Matters of Interest
The Hon. T.A. FRANKS (15:23): Today, I rise to speak about our collective future, our current reality and the conversation happening between almost 200 nations in Poland right at this very moment. I am of course talking about climate change. Currently, the COP24 conference is happening in Poland where world leaders and delegates from almost 200 nations are discussing how we can turn pledges made in 2015 at the Paris climate deal into a reality.
These negotiations take place against a background of ominous news. The past four years have been the hottest on record. Despite early efforts, which at one point Australia led, global emissions are rising when we need them to halve by 2030. Queensland is burning with unprecedented bushfires while just the other week New South Wales was inundated with destructive rains. Our rivers are drying, our farmers are facing seemingly endless droughts and we have already had dire warnings for the bushfire season ahead around the country—and this is only for 2018.
It is not a situation unique to Australia. This year, we have seen heatwaves and wildfires in Europe and California, contrasted by enormous floods in India, Japan and East Africa. Devastating, huge climate events such as storms, hurricanes, droughts and floods are happening more frequently, where previously they would have been spaced out over decades or even hundreds of years. But this is just the beginning. The UN itself warns that we only have 12 years to limit—and I would like to emphasise the word 'limit', as it is not even 'avoid' anymore—the climate change catastrophe ahead.
We need urgent changes to cut the extreme heat risk of drought, floods, inequality and, of course, poverty. It is that last point about climate justice—inequality and poverty—that is the reason I chose to talk about climate change today. We are without a doubt the last generation that can change the course of climate change. What is unique about this point in time is that we are also seeing some of the first generations living with its consequences, and this has been shown most clearly in the voices of ordinary people all around the world, especially in the lead-up to COP24.
To quote a well-known saying, 'The impacts of climate change are here. They are just not evenly distributed.' The 47-strong Least Developed Countries Group has made a powerful statement to world leaders, stating that 'We represent almost one billion people, the people who are least responsible for climate change but among the most vulnerable to its effects.' Climate change places compounded stresses on our environment as well as our economic, social and political systems. It undermines development gains and leads to shortages in basic necessities.
One-third of the planet's land is no longer fertile enough to grow food. More than 1.3 billion people live on this deteriorating agricultural land, putting them at risk of climate driven water shortages and depleted harvests. These circumstances lead to worsening hunger and poverty. While everyone around the world feels the effects of climate change, people living in the world's poorest countries such as Haiti and Timor-Leste are the most vulnerable yet the least responsible for the emissions and pollutions that are driving catastrophic climate change.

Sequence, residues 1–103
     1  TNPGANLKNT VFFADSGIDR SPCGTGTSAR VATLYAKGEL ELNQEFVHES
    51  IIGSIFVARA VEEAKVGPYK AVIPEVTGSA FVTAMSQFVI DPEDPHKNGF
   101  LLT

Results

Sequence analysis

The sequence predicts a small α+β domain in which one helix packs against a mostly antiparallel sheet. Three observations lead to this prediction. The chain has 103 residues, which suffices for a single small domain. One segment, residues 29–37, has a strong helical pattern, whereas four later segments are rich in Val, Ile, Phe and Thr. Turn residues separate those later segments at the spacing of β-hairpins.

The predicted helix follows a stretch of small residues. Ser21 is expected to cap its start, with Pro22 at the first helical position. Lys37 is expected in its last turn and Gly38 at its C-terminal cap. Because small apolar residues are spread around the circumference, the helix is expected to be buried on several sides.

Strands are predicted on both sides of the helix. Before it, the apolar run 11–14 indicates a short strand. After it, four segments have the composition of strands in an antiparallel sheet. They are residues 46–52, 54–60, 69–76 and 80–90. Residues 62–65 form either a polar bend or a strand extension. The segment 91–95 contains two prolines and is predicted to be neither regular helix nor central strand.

Increasingly unpredictable weather patterns, shifting seasons and natural disasters disproportionately threaten these populations, increasing their risk and their dependency on humanitarian aid. Three out of four people living in poverty rely on agriculture and natural resources to survive. For these people, the effects of climate change, limited water and food sources, and increased competition for them, are a real matter of life and death. Climate change has turned their lives into a desperate guessing game, but the disparity of the impact of climate change on the wealthy versus the poor is not just demonstrable between countries but within countries as well. The poor are disproportionately affected by climate change, the least responsible for it and the least able to shield themselves from its effects.
A perfect example of this was the recent bushfires in California. As the death toll continued to climb from the wildfires and the residents began to confront the enormous task of trying to rebuild their homes and communities, the very lucky and the very rich did not face the same challenges. Celebrities and other wealthy residents were able to save their homes by employing private firefighters who are often provided as a service as part of a certain insurance company's coverage plans but come at a very high cost. The insurance companies offering this additional service are often for policyholders with properties valued at more than $1 million.
So here we have a perfect example of those with money being able to escape, or at least greatly mitigate, the effects of severe natural disasters fuelled by climate change while those with less money face the brunt of the impact. These inequalities we see will only be exacerbated unless we take action now. I commend the schoolchildren who stood on the steps of this place and stood on the steps of parliaments around the country last week. They were there for urgent action from people in these places, these parliaments, for climate change, and I stand with them today for climate justice as well as action on climate change.